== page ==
In this chapter I propose a social constructionist perspective on public relations, and will particularly focus on crisis communication as an important sub-field, with inspiration from the American sociologist Peter L. Berger. Berger is most well-known for the book The Social Construction of Reality (1966), co-authored with the German sociologist Thomas Luckmann. This book has had a fundamental impact on the development of social sciences, and introduced an alternative understanding of how knowledge, and especially knowledge of everyday reality, is constructed in social interactions and is part of the interplay between the individual and society. Berger and Luckmann introduced the term “social construction” in social science, which stands in contrast to the positivistic belief in one objective, “real” reality “out there” that is possible to measure and describe with scientific methods. Instead, it is argued that people’s understanding of the reality influences their behavior and knowledge. This idea goes back to the American sociologist William Isaac Thomas who in 1928 formulated a fundamental principle of sociology - the Thomas theorem: “if men define situations as real, they are real in their consequences” (Merton, 1995, p. 380). Hence, there are several and, often, competing realities socially constructed by humans.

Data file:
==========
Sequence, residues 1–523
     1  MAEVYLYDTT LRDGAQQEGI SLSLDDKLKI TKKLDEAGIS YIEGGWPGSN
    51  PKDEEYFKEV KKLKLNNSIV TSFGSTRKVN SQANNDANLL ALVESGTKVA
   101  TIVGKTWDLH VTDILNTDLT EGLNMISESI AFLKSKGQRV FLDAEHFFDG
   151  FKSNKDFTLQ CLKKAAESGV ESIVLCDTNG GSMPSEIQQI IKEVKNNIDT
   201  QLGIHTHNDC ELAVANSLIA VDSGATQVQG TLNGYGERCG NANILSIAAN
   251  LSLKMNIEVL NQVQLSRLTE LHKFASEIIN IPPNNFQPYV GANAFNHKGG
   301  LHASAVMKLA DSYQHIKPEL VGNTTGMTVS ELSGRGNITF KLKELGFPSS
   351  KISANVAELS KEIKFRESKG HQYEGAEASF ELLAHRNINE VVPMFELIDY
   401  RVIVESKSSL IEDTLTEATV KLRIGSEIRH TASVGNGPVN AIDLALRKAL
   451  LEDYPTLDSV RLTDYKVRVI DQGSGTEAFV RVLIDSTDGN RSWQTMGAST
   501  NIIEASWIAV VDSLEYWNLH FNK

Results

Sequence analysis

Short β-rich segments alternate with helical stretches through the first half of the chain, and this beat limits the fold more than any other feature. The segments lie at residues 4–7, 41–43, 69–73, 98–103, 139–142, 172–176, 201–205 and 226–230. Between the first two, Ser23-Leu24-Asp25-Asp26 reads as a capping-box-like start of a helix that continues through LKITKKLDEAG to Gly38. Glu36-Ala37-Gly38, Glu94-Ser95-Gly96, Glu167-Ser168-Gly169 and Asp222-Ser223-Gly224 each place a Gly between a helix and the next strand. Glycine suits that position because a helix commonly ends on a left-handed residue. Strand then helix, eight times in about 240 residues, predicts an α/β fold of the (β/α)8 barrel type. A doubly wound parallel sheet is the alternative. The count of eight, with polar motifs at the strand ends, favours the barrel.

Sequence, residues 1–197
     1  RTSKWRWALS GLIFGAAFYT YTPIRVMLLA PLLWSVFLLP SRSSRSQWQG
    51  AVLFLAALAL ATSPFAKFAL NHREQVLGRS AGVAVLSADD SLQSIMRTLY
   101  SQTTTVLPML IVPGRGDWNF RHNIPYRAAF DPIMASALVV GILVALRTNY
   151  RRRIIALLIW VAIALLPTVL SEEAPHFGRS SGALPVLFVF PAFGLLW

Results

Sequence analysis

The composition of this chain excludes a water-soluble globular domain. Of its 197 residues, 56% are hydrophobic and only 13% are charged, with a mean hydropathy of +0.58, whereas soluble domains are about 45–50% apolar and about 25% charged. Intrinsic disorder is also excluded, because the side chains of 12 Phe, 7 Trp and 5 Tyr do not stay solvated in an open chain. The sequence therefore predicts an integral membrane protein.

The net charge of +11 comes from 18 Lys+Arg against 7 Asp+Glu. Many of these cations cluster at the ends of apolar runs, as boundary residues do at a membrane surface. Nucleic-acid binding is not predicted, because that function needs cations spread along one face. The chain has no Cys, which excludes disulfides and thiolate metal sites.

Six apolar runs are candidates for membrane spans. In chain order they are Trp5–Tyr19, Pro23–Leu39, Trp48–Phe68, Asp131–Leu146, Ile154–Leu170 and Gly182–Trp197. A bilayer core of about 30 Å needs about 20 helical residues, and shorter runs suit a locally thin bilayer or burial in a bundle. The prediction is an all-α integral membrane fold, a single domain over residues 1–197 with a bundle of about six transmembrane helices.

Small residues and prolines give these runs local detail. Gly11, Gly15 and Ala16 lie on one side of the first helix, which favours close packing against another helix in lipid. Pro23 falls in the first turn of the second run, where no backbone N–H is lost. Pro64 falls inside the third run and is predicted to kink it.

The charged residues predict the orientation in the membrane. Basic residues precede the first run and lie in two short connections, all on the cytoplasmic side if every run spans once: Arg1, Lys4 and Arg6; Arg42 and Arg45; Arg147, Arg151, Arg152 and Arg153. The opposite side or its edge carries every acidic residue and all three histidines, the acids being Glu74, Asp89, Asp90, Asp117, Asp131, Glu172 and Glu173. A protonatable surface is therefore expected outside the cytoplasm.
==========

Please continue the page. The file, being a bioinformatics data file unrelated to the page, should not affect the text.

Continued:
|Titel på värdpublikation||Public Relations and Social Theory|
|Undertitel på värdpublikation||Key Figures, Concepts and Developments|
|Redaktörer||Øyvind Ihlen, Magnus Fredriksson|
|Status||Published - 2018 jan. 1|